Breaches are getting larger, and traditional network security isn’t enough
Dell’s recent security breach heightens the risk and complexity for data risk management.
Large organizations, especially ones the size of Dell, are usually responsible for massive amounts of data. The larger the company, the more logs and events it has, generated by everything from cloud services and SaaS applications to traditional network and on-premises data sources.
All of that data gives cybercriminals more places to hide. For example, adversaries can enter a network through a less sensitive, and thus less monitored, vector such as an unprotected cloud server, an IoT device or a shared employee laptop.
Due to this type of elusive behavior, it can make it difficult for security analysts to pinpoint the abnormal behavior while sorting through the huge amounts of data. They can then move laterally from that single device to access critical resources spread across the organization.
Massive data breaches can cause companies to face possible loss of intellectual property and major brand damage. They can also be extremely personal, revealing personal information like birthdays, family names, hometowns, financial information and more.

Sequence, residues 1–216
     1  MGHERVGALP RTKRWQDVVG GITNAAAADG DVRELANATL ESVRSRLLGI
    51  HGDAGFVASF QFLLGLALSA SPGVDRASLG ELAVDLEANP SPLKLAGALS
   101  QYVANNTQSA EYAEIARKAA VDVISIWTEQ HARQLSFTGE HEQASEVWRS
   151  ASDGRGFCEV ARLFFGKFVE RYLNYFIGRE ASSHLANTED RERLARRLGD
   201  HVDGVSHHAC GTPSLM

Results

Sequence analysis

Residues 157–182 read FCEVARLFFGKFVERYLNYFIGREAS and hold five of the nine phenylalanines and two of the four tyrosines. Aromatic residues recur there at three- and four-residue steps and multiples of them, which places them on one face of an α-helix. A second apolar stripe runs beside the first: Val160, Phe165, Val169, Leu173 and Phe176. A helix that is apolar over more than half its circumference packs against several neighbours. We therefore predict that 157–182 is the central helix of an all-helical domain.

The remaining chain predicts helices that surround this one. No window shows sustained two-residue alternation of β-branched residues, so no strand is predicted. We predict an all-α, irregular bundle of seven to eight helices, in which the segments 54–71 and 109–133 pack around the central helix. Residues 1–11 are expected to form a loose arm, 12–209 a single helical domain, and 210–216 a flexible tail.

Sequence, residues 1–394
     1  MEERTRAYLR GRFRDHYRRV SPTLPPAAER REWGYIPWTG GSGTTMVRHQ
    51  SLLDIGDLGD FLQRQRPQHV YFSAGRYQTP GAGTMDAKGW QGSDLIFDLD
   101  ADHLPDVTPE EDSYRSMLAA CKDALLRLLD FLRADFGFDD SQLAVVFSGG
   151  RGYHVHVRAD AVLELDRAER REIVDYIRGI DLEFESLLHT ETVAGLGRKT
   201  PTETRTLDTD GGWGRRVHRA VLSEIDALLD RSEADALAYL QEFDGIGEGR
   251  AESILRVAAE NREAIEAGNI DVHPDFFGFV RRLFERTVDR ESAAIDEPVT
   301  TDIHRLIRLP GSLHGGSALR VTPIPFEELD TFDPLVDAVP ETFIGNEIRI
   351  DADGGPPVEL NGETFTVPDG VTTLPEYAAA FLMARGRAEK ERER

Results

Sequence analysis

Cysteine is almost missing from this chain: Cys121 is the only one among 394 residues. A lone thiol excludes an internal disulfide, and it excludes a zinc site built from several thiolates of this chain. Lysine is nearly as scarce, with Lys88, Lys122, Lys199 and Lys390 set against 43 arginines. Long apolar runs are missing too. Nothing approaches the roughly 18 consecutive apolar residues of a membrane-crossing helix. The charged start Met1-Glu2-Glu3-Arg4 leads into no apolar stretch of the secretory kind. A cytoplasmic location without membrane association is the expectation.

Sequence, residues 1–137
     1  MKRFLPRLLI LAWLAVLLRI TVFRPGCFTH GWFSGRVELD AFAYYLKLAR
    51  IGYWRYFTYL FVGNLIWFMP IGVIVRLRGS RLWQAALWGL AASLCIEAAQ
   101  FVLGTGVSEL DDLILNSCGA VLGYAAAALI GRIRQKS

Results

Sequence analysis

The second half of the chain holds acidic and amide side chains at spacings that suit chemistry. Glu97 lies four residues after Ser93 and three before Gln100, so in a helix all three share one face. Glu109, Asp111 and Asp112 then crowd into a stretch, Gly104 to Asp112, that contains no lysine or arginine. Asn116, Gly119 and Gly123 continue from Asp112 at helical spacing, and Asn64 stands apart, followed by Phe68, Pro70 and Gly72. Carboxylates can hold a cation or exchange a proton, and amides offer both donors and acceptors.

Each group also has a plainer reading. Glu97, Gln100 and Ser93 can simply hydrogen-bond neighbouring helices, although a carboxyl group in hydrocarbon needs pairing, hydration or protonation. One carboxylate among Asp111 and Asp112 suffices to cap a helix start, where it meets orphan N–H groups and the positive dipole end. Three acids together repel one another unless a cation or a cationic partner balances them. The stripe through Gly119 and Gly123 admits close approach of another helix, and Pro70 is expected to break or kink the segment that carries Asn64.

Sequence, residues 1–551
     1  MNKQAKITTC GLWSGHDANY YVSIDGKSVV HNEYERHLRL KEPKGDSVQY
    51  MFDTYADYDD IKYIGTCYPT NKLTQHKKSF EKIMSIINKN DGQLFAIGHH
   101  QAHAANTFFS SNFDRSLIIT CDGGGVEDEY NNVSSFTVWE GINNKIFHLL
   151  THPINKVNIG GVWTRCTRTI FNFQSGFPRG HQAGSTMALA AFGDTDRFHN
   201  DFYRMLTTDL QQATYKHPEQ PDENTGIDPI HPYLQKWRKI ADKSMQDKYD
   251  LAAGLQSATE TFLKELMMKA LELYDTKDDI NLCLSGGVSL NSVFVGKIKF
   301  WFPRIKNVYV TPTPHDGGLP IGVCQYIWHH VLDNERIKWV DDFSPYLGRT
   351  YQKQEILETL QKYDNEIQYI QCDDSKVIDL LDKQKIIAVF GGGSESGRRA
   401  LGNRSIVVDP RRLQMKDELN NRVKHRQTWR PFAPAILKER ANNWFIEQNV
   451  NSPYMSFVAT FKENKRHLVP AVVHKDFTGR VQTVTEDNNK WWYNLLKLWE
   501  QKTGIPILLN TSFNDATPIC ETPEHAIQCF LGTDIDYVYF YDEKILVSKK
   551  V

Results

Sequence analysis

According to a recent Harris poll, 75 percent of consumers won’t do business with a company if they don’t trust it to protect their data. The cost of data breaches also keep rising. IBM cited in 2018 that the average cost of a breach was $3.86 million, which includes the price of investigations and recovery, notifications, legal activities and more.
Organizations must shift their enterprise security strategy, as network security simply isn’t enough. The key is to move fast and consider an approach that is closely aligned with monitoring user behavior, such as rapid increases in network traffic, unusual system login location or time and/or the abnormal export of sensitive information. This provides the necessary visibility needed to restore trust, and react in real time, to protect customer data.
Also, just as important, the strategy should include the ability to detect, using behavioral characteristics, when events have occurred — especially when it comes to client/member/customer-facing incidents. Creating a timeline can display the full context of any related events.
Machine learning technologies have made it quicker to find anomalous and suspicious user and device behavior, picking up slight changes that are easily looked over.
Analysts also would not have to comb through massive amounts of logs to create a timeline and are less likely to experience any false positives. Security professionals will then be able to detect breaches sooner and reduce the amount of time attackers are in a network environment.